It can be seen that the collector of transistor 30 is maintained at 2V, above its emitter by virtue of its own baseemitter ofiset and the connection of the baseemitter of transistor 26 from collector to base of transistor 30. [t can also be seen that the collector of transistor 26 (and the base of transistor 32) is one V below the joined emitters of transistors 28 and 32. Therefore, when the total voltage across current limiter circuit 22 is less than approximately 3V (e.g., 1.8 volts), the collector-base junctions of each of transistors 26 and 32 are biased such that transistors 26 and 32 are in saturation. in that case, the limiter circuit 22 exhibits the characteristic of a resistor equal substantially to one-half the value of resistor 24 and limiting action does not occur.

However, when the voltage applied across limiter circuit 22 exceeds approximately 3V,, transistors 26 and 32 operate as nonsaturated devices and provide relatively high impedances in each current path which vary with applied voltage so as to maintain a substantially constant current through limiter 22. The magnitude of the constant current is substantially equal to the sum of the current in resistor 24 plus the collector-emitter current of transistor 30. Because of the above-described characteristics of transistors 28 and 32, these two currents are substantially equal. The current in resistor 24 is limited to that value required to produce a voltage across resistor 24 equal to the V associated with transistor 30 when it passes a like current. This current value may be determined, for example, utilizing the well-known diode equation:

I, emitter current of transistor 30 in amperes I, saturation current of transistor 30 (typically 0.2Xl0" amperes for integrated transistors) e natural logarithm base q= charge on an electron in coulombs V= base-emitter voltage of transistor 30 in volts k Boltzmans constant T= operating temperature in' degrees Kelvin As stated above, the base-emitter voltage of transistor 30 is equal to the product of the value of resistor 24 and the current through transistor 30, the latter being substantially equal to I for the specified conditions. Substituting I,R for the voltage V in the above expression yields:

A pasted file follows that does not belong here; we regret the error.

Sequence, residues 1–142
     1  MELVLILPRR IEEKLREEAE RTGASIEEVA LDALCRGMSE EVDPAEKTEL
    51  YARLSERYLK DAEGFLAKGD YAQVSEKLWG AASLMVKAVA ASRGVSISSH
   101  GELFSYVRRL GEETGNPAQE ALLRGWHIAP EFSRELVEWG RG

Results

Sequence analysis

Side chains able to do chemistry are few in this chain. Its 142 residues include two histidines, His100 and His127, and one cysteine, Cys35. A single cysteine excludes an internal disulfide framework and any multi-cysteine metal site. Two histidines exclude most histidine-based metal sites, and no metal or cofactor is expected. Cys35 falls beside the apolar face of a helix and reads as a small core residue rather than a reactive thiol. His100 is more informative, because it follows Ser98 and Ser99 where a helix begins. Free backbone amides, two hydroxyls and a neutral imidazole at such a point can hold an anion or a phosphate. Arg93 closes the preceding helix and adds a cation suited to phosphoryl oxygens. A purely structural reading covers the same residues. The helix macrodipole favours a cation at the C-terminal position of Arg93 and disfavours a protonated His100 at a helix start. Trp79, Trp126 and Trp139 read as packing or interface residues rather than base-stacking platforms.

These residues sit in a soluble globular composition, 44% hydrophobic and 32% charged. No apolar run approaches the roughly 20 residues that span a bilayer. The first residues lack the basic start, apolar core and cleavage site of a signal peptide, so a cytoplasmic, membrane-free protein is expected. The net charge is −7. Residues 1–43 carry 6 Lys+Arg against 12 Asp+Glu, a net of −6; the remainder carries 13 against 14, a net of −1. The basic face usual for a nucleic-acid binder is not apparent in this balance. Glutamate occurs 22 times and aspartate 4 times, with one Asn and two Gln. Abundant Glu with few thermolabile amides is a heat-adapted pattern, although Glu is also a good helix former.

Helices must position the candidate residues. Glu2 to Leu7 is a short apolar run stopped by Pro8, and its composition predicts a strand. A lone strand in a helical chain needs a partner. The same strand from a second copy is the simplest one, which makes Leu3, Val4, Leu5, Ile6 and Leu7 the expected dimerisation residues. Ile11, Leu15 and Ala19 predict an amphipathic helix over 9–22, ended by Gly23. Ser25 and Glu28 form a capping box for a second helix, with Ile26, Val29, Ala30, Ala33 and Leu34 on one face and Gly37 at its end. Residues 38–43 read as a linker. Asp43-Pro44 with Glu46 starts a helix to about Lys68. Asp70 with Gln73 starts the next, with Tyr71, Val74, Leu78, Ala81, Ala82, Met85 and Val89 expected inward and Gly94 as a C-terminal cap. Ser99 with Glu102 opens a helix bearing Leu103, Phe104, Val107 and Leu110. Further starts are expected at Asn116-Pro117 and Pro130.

0.6 (volt) limit (amps) R 4 (ohms) A more accurate selection of resistorvalue may be made by determining the base-emitter offset voltage of transistor 30 for a particular current from characteristic curves of the device. These current and voltage values may then be substituted in the above equation.

In a typical circuit, with the value of resistor 24 equal to 15,000 ohms, limiter circuit 22 provides a substantially constant 80 microamperes of current despite the applied voltage varying to several times the threshold value required for limiting to occur. Depending upon the actual design selected for transistors 26 and 32 as related to their collector to base voltage breakdown characteristics, an applied voltage ,(B+) of up to 30 volts or even more can be accommodated by limiter circuit 22 while still providing a substantially constant 80 microamperes of current.

Various modifications may be made in the limiter circuit 22 illustrated in FIG. 1. For example, the current relationship between transistors 28 and 32 may be other than unity. That is, the geometries of transistors 28 and 32 may be other than identical. If, for example, the emitter-base junction of transistor 28 is fabricated larger than that of transistor 32, the current in the first path including resistor 24 will be proportionally greater than that in the second path including transistor 30. In that case, the value of resistor 24 would be reduced accordingly to obtain the desired limit current. Alternatively, transistor 32 may be fabricated with a larger emitterbase junction than transistor 28 and an appropriate change would be required in the value of resistor 24. Equivalent operation may also be obtained by coupling like transistors in parallel with transistor 32 (or by coupling like diode-connected transistors in parallel with transistor 28 to obtain the first-mentioned operation).